Entries in New Zealand (4)


Man Survives Freak Accident That Inflated Him Like Balloon

Thinkstock/Getty Images(WHAKATANE, New Zealand) -- A New Zealand truck driver survived a freak accident with an air tank that inflated him like a balloon to twice his normal size.

On Saturday, Steven McCormack, 48, ended up in the intensive care unit at a hospital in Whakatane, a town on the North Island's east coast. As McCormack was standing on the rigging between his truck and trailer while working at Waiotahi Contractors, he slipped and fell onto a brass valve that was connecting the truck's brakes to the compressed air supply. The nozzle pierced his left buttock and air rushed into his body at 100 pounds per square inch.

"In a matter of minutes, my body blew to twice its size," McCormack told New Zealand's 3News.

His boss, Robbie Petersen, witnessed the accident and said, "He became more and more distressed and his whole body -- his face, his eyes started to close -- started to swell."

As the air pumped and he began to scream, co-workers struggled to pull him off of the nozzle. They managed to stop the air supply and put him on his side. It was an hour before paramedics arrived.

"I was blowing up like a football," recalled McCormack to 3News. "I had no choice but just to lie there, blowing up like a balloon."

When paramedics tried to insert a needle for a drip, the pressure from the air pushed the needle out. They were also unable to give him air through a tube in his nostrils.

Doctors say the air filled his abdomen and chest, as well as the space around his heart, lungs, and even behind his eyelids. The air separated his fat from his muscles and compressed his heart.

After being rushed to the hospital, a team of doctors put a hose through his ribs to get air to his lungs. Though doctors were able to get fluid out of him, the air had to come out the natural ways, resulting in an enormous case of flatulence. It took McCormack three days to go back to his normal size.

McCormack suffered no broken bones and no bruises, just a hole from where he was punctured. Leaving the hospital, he said, "I really feel like the Michelin Man."

Copyright 2011 ABC News Radio


Young Children Need Sleep to Reduce Risk of Being Overweight

Jupiterimages/Pixland(DUNEDIN, New Zealand) -- Studies in the past have shown that for adults, a lack of sleep can be associated with an increase in body weight, and new research finds that the same is true in children.

The authors of a study out of New Zealand followed almost 250 children from ages 3 to 7.  At 3, 4, and 5 years of age, the children slept an average of 11 hours per night. But the fewer hours the children slept, the greater their risk was of having a higher body mass index at age seven.

Researchers also calculated that every additional hour of sleep was associated with a 61-percent reduction in the risk of being overweight or obese at seven years old.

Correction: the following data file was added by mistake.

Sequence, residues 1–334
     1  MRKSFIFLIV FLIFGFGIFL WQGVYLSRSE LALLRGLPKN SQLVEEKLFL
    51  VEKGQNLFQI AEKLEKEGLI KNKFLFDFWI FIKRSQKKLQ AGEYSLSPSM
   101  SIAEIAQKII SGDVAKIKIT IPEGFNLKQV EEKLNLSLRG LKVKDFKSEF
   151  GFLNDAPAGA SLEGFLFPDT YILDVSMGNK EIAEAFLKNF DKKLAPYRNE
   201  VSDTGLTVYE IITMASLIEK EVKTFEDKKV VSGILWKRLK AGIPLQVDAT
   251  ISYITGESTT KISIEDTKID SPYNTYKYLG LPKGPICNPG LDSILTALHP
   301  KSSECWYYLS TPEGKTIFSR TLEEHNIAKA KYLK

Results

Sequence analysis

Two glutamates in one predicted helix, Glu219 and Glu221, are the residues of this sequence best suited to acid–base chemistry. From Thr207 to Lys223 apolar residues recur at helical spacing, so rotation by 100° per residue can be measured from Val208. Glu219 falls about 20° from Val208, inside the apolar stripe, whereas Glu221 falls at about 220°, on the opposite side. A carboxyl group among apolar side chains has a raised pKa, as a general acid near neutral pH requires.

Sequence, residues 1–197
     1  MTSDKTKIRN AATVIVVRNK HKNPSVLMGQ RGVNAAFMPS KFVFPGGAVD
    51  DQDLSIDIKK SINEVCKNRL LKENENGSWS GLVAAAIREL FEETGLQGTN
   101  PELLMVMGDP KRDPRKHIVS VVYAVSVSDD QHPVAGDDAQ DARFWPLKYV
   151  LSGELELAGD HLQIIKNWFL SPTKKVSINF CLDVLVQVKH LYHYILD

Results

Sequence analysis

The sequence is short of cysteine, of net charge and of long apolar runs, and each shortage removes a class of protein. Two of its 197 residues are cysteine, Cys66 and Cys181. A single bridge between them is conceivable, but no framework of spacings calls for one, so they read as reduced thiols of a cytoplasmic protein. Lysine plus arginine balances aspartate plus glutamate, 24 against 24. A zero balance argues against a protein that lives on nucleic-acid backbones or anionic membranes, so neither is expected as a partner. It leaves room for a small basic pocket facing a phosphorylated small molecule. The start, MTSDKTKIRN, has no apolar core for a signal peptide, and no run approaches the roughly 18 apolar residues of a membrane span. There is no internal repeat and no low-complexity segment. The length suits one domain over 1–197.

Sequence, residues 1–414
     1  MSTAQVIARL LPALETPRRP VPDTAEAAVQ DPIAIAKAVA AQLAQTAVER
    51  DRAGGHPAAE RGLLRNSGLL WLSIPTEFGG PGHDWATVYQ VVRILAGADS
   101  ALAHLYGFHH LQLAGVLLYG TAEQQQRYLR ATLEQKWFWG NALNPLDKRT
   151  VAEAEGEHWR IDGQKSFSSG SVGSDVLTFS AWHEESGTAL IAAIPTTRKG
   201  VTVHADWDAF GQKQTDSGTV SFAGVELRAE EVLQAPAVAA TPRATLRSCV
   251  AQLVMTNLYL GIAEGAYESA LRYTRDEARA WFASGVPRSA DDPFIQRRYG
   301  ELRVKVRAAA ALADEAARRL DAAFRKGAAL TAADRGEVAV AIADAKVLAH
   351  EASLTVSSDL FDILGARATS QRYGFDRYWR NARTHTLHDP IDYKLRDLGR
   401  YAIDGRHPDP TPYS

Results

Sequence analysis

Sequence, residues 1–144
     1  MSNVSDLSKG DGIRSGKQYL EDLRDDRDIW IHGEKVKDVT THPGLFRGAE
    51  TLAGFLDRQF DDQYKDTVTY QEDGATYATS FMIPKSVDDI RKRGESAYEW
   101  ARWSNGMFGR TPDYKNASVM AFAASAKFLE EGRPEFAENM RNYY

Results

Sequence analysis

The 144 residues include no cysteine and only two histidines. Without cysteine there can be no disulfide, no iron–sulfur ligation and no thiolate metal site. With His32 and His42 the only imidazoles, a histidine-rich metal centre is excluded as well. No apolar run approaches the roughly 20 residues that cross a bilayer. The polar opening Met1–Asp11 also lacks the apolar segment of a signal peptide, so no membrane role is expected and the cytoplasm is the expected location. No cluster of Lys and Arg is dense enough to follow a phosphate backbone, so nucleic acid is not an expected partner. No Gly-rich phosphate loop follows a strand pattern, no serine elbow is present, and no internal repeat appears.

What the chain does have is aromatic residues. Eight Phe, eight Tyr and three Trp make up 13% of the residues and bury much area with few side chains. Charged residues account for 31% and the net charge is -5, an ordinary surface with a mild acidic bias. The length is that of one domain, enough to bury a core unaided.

The authors suggest that reduced sleep may increase food consumption and could have a negative impact on children’s activity levels.

Their findings can be found in the British Medical Journal.

Copyright 2011 ABC News Radio


Survey: Americans Have Highest Risk of Developing Bipolar Disorder

Stockbyte/Thinkstock(GENEVA) -- People in the United States have the highest risk of developing bipolar disorder, according to a new survey of 11 countries released Monday.

The World Health Organization surveyed more than 61,000 people from countries in the Americas, Europe and Asia, and found that the U.S. took the top spot with an estimated 4.4 percent of its population at risk for developing the disorder in their lifetime.  New Zealand followed in second place with 3.9 percent of its population at risk.

The lowest rates were seen in developing countries such as India, with a prevalence of 0.1 percent.   But this lower rate may reflect the stigma associated with mental disorders rather than actual lower rates of such disorders.

Copyright 2011 ABC News Radio


Love Hurts: Hickey Paralyzes Woman in New Zealand

Photo Courtesy - Getty Images(AUCKLAND, New Zealand) -- Love hurts.  An overly enthusiastic hickey from a New Zealand woman's partner landed her in the hospital with a minor stroke.

The 44-year-old Maori woman was brought to Middlemore Hospital in Auckland, New Zealand with a paralyzed left arm, doctors reported in a case study published in the New Zealand Medical Journal in November.  Doctors were puzzled by her symptoms until they realized that there had been a clot in an artery on the right side of her neck beneath where she still showed the bruising of a hickey.

"Because it was a love bite, there would be a lot of suction.  Because of the physical trauma, it had made a bit of bruising inside the vessel" causing a clot, Dr. Teddy Wu, who treated the patient, told the New Zealand press.  The clot apparently resulted in a stroke.

This appears to be the only documented case of a hickey-related stroke, but in general, getting hurt in the heat of passion is not that uncommon, doctors say.

A 2010 UK poll found that a third of the British reported having had a sex-related injury, most often involving non-traditional settings for sex, such as on stairs, over kitchen tables, or in closets.

Copyright 2011 ABC News Radio

ABC News Radio